Sunday, October 27, 2013

Zoltan... Hound of Dracula (1978)

... aka: Dracula's Dog
... aka: Hound of Dracula, The
... aka: Satan's Dog

Directed by:
Albert Band

In Romania, a group of soldiers uncover the Dracula family's 19th Century underground burial tomb. A tremor occurs, two of the crypts open up and a coffin slides out of one of them. The one guard posted on duty opens it up, unwisely removes a stake from the heart of whatever's inside and suddenly a dog leaps out and goes right for the jugular. Now with him out of the way, Zoltan the doggie has his very own flashback to a simpler time with his owner Veidt Smit (Reggie Nalder) before Count Igor Dracula (Michael Pataki) transformed into a bat and put the bite to him. The bloodsucking pooch then pulls the second coffin out, knocks off the lid, removes the stake and resurrects Veidt, who immediately informs him that they "must find our new master." Veidt isn't a vampire himself and has no cravings for blood; he's only a resurrected servant to the family and will stop at nothing to get Zoltan back to the last living descendant of the family. Veidt and Zoltan manage to sneak out of the tomb undetected. Vampire expert Inspector Branco (José Ferrer) shows up to investigate the death and empty coffins and is assigned by his superior - Major Rachel Hessle (Arlene Martel) - the task of hunting the two down.

As a child, Michael Dracula (also played by Pataki) was taken all the way to America to live a normal life. His name was changed to Michael Drake, he's oblivious to his past and he's now a happy, normal, middle-aged suburban husband with two children living in Los Angeles. Planning a quiet camping trip away from the big city in their RV, Michael's wife Marla (Jan Shutan) talks him into letting their children - Linda (Libbie Chase) and Steve (John Levin) - bring along their two German Shepherd's and their litter of puppies on the trip. Veidt and Zoltan, who've already arrived in the States via boat and have managed to get their hands on a Hearst, follow close behind. It doesn't take long until their peaceful vacation gets weird. Zoltan vampirizes one of the puppies, who is found dead but later comes crawling back out of its grave. Zoltan turns another dog he comes across into a follower as well, and both dogs manage to sneak into the RV and attack. After putting both of the family's German Shepherd's under his spell, Zoltan now has an army of vampire dog followers to help him achieve his main goal: turning Michael into a vampire that both he and Veidt can serve.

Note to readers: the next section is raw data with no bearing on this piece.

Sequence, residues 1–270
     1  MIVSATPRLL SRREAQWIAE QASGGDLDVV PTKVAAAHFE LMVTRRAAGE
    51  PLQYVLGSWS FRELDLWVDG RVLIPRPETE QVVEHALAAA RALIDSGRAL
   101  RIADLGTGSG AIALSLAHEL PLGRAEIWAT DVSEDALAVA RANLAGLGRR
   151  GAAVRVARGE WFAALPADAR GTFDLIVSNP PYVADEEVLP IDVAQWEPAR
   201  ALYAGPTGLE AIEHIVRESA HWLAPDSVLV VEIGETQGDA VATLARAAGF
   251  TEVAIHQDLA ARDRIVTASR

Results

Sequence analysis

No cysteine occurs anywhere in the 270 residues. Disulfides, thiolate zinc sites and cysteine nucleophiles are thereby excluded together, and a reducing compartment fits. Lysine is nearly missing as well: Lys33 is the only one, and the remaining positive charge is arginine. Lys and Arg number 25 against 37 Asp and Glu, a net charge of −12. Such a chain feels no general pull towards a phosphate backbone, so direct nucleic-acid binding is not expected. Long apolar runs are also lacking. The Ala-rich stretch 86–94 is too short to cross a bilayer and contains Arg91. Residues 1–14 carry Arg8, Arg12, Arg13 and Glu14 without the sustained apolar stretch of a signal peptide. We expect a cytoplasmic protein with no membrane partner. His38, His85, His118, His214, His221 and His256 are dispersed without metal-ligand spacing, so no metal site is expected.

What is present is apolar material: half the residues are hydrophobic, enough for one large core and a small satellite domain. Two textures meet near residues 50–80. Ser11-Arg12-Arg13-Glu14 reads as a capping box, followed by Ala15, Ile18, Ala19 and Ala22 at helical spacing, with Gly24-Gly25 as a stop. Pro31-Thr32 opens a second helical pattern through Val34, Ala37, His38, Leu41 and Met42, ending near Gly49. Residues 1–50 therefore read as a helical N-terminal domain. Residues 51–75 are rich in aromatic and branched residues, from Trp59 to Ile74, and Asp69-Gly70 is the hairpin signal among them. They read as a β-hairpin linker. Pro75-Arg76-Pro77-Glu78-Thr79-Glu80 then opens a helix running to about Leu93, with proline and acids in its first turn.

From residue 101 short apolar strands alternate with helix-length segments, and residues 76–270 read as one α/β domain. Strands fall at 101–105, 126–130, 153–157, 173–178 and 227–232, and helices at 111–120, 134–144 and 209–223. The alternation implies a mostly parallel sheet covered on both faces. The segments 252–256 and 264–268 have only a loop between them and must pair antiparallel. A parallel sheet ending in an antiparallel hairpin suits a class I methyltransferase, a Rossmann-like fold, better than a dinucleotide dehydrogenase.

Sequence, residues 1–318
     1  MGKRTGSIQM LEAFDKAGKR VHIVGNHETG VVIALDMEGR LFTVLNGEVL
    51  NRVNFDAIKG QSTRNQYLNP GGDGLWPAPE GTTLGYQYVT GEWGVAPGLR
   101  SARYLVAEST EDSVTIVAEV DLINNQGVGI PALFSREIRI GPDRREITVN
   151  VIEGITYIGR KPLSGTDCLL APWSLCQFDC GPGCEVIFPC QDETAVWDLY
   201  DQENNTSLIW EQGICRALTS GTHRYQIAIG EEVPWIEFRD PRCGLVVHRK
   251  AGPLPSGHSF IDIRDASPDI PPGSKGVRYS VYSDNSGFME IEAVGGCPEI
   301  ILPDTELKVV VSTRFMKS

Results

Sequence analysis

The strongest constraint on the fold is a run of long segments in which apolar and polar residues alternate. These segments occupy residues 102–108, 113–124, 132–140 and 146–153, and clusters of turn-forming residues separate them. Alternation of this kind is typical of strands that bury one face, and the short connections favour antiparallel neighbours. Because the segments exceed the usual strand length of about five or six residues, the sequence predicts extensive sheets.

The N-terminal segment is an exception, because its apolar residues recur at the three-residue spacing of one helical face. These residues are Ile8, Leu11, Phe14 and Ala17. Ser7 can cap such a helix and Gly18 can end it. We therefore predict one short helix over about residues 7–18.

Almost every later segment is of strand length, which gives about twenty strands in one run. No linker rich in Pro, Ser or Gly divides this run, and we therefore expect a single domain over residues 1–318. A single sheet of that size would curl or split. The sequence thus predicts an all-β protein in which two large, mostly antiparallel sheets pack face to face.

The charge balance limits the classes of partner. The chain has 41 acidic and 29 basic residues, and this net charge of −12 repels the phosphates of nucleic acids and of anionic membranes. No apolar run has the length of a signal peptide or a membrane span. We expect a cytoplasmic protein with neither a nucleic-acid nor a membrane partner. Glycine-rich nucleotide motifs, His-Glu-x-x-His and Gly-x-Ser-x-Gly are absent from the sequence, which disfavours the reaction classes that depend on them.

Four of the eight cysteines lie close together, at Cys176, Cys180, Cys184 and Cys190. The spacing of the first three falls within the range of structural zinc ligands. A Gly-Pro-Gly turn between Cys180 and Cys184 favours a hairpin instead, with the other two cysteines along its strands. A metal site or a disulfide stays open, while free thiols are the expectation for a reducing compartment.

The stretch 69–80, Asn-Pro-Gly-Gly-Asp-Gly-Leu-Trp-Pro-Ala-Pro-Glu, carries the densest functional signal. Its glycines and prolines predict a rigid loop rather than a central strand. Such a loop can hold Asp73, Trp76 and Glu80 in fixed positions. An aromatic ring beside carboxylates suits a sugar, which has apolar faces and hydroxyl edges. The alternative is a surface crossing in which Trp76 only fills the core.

Inspector Branco finally flies in armed with a bag full of wooden stakes, tracks the family down and explains things to a reluctant Michael. It doesn't take too long to convince him of what's going on, especially after Linda is bitten and almost ripped to shreds by the dogs. Michael then sends his entire family back to town while he and Branco stay behind in the woods to hunt down and destroy Veidt and all of the dogs. A hiker is attacked and killed, there's a lengthy attack on the fishing cabin where Branco and Michael are staying where the dogs bust their way through windows, the door and even chew through the roof and the climactic stand off has our hero being attacked while in a convertible.

Killer dogs were a hot commodity in the late 70s and early 80s thanks to the devil dog sequences in the big hit The Omen (1976). Zoltan (also released as Dracula's Dog) joins the ranks of Slaughter (1976; aka Dogs), The Pack (1977; aka The Long Dark Night), the made-for-TV movie Devil Dog: The Hound of Hell (1978), Play Dead (1981), Dogs of Hell (1982), Mongrel (1983) and many others in this cycle. It's slightly better than most in this category thanks to the novel vampire angle (which sounds [and sometimes is] silly but is played relatively straight here), well-choreographed attack sequences (thanks in large part to the animal training skills of Karl Miller and Lou Schumacher), reasonable production values, a professional cast and the general filmmaking competence on display. Andrew Belling provided a good (though very 70s) music score, Stan Winston was in charge of the makeup effects and Richard Band (who'd compose most of the scores for Albert and brother Charles' later films) was the assistant production manager.

The cast also includes Simmy Bow and JoJo D'Amore as a pair of fishermen who get in the middle of things, Roger Pancake as the sheriff (spelled "Sherriff in the end credits), Al Ferrara as a deputy and future director Dimitri Logothetis (SLAUGHTERHOUSE ROCK) as a soldier. Many of the actors had already appeared in the Band-produced dwarf comedy Little Cigars (1973) and the gloomy Pataki-directed MANSION OF THE DOOMED (1976). Writer and co-producer Frank Ray Perilli also helped write Cigars and Mansion, as well as the Band sci-fi productions End of the World (1977), Laserblast (1978), the Band soft sex films Cinderella (1977) and Fairy Tales (1978) and the hit ALLIGATOR (1980). The DVD release is through Anchor Bay.



crow said...

This is cool! I just watched this last Thursday. I liked it. Nothing great, but adequately okay, with a novel premise. You have me wanting to see Devil Dog...

The Bloody Pit of Horror said...

I enjoyed it, too. It sounds ridiculous and camp but actually plays OK as a serious film (I guess cause the filmmakers and cast took it all seriously). I still need to see Devil Dog myself!

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